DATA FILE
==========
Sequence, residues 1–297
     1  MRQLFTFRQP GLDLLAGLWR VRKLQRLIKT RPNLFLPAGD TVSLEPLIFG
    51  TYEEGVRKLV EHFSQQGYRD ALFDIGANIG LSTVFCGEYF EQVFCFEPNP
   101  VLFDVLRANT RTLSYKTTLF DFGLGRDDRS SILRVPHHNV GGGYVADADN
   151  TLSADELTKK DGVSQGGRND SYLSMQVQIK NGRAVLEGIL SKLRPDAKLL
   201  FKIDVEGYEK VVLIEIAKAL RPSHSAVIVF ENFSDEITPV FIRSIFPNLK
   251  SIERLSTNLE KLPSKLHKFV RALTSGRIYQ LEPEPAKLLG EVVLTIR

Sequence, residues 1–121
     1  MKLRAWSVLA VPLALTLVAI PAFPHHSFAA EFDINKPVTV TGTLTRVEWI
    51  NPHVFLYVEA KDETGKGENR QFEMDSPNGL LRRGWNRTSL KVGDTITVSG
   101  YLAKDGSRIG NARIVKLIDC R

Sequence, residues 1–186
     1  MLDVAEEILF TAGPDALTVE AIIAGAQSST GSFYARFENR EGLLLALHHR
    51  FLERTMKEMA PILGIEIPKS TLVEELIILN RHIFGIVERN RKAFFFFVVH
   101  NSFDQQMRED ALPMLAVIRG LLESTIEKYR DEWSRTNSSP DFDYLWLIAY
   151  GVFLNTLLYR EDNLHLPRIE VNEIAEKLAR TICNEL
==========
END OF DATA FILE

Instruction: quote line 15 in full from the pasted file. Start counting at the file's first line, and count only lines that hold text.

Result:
   101  NSFDQQMRED ALPMLAVIRG LLESTIEKYR DEWSRTNSSP DFDYLWLIAY